The Discourse on the Eighth and Ninth

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The Discourse on the Eighth and Ninth is an ancient Hermetic treatise. It is one of the three short texts attributed to the legendary Hellenistic figure Hermes Trismegistus that were discovered among the Nag Hammadi findings.[1]

Insufficient information has survived from the manuscript to reconstruct the original title, and so the modern title has been taken from an expression in the treatise itself.[2] References to the Egyptian city of Diospolis[3] and to hieroglyphic characters, as well as certain affinities with the Middle Platonist philosopher Albinus (fl. c. 150 CE), point to a composition in Roman Egypt somewhere in the second century CE.[4] It only exists in a Coptic translation, the original Greek being lost.[5]

References[edit]

  1. ^ No. (VI,6). Available at the Gnostic Society Library, reproduced with permission from Brashler, James; Dirkse, Peter A.; Parrott, Douglas M. (trs.), "The Discourse on the Eighth and Ninth (VI,6)", originally published in: Robinson, James M. 1978. The Nag Hammadi Library in English. Leiden: Brill. The other two Hermetic texts in the Nag Hammadi library are The Prayer of Thanksgiving (VI,7) with its Scribal Note (VI,7a) and fragments from the Asclepius (VI,8); see Robinson, James M. 1990. The Nag Hammadi Library in English. 3th, revised edition. New York: HarperCollins.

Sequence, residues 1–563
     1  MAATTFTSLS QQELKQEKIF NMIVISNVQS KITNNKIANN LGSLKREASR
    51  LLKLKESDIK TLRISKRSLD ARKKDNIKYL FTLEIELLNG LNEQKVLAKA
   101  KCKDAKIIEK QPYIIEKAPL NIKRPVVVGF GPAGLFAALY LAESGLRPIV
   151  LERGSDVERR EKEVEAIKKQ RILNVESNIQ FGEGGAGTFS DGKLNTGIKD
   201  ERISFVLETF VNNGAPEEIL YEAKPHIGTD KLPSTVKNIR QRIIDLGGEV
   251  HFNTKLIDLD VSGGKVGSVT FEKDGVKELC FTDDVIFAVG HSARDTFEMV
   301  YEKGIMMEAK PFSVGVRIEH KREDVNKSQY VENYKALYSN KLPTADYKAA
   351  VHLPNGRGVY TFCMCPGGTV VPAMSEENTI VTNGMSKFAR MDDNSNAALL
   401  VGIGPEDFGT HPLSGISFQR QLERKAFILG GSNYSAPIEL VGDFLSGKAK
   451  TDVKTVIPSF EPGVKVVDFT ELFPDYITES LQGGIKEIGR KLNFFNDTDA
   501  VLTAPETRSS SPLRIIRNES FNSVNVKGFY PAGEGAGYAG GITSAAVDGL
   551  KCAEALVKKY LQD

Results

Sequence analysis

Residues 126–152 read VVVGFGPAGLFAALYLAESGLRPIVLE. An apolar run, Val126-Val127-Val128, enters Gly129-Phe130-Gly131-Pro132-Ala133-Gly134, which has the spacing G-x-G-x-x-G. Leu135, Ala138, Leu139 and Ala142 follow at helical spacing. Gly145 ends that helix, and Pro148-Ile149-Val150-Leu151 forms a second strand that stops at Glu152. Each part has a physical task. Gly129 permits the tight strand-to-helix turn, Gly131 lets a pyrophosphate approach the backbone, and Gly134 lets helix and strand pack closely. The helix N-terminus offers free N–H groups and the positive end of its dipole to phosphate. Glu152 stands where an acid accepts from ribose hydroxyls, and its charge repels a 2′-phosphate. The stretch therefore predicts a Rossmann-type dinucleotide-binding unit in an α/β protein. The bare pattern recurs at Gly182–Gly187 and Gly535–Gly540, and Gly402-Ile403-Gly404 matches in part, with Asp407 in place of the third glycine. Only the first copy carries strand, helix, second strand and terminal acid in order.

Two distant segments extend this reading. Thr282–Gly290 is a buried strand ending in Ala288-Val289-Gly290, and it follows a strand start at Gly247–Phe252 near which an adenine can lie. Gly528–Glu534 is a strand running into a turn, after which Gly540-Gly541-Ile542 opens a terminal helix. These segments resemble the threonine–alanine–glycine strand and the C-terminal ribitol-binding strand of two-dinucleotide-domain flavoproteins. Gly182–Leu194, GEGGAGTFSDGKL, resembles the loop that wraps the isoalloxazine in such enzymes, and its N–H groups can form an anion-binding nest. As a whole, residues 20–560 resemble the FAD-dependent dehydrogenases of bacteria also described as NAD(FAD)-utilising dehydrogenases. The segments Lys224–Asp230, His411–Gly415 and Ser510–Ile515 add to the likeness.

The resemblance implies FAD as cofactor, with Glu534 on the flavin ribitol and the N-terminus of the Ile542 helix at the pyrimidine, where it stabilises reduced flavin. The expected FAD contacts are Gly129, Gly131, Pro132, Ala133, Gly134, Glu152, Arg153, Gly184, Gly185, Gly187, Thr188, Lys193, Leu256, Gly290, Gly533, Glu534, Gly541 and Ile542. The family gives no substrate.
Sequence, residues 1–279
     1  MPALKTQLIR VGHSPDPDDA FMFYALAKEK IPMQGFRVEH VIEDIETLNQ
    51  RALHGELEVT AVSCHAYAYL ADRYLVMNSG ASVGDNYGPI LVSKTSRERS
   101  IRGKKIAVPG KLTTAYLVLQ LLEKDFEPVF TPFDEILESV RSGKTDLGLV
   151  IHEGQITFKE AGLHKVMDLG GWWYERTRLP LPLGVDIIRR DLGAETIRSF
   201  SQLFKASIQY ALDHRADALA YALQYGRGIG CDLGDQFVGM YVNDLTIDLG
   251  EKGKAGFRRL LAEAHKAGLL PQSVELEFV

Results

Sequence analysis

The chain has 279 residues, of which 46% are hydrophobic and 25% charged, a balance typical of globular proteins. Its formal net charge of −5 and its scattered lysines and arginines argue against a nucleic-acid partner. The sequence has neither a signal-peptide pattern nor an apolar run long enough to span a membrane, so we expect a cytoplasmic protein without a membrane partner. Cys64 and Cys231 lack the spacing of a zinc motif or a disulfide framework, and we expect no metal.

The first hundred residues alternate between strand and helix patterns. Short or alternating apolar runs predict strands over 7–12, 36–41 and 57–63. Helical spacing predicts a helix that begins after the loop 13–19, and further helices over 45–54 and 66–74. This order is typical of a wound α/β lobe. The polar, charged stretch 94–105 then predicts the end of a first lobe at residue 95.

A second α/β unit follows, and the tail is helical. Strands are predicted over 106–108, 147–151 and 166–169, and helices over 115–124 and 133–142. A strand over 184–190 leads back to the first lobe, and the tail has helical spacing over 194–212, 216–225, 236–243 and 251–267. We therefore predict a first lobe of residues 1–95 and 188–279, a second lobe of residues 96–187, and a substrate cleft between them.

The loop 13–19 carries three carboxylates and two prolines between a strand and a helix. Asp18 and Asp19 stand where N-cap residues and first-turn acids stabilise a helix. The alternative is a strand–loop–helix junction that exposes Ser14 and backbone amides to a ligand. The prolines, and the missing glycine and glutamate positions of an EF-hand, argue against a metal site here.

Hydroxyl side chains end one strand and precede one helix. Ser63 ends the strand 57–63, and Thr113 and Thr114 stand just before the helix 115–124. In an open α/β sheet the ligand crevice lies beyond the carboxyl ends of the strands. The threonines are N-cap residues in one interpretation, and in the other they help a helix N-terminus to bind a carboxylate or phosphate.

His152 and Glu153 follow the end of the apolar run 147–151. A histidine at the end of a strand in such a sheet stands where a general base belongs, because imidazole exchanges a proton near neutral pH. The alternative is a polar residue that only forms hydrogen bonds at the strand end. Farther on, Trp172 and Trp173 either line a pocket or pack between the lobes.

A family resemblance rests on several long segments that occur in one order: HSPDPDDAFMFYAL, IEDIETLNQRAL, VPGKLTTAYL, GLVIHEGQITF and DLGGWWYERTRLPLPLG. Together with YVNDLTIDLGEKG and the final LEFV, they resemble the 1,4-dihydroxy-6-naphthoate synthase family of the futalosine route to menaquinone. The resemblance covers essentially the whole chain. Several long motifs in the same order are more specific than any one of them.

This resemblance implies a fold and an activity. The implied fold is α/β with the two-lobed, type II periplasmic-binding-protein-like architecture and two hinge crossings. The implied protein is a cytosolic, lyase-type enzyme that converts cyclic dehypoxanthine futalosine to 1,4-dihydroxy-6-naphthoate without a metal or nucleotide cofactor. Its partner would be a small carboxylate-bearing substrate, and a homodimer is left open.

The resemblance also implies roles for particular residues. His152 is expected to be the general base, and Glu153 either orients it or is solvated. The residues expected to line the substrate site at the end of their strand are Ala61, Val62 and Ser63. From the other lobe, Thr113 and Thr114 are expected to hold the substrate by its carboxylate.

2. ^ Parrot, Douglas M. 1990. "The Discourse on the Eighth and Ninth (VI,6)" (introduction) in: Robinson, James M. 1990. The Nag Hammadi Library in English. 3th, revised edition. New York: HarperCollins, p. 321.
  3. ^ It is not clear whether the treatise refers to Diospolis Magna (a Ptolemaic name for the ancient Egyptian city Thebes) or to Diospolis Parva (a Ptolemaic name for the ancient Egyptian city Hu); see Robinson, James M. 1990. The Nag Hammadi Library in English. 3th, revised edition. New York: HarperCollins, pp. 12-13.
  4. ^ Parrot, Douglas M. 1990. "The Discourse on the Eighth and Ninth (VI,6)" (introduction) in: Robinson, James M. 1990. The Nag Hammadi Library in English. 3th, revised edition. New York: HarperCollins, p. 322.
  5. ^ The Nag Hammadi library consists entirely of Coptic works translated from the Greek; see Robinson, James M. 1990. The Nag Hammadi Library in English. 3th, revised edition. New York: HarperCollins, pp. 12-13.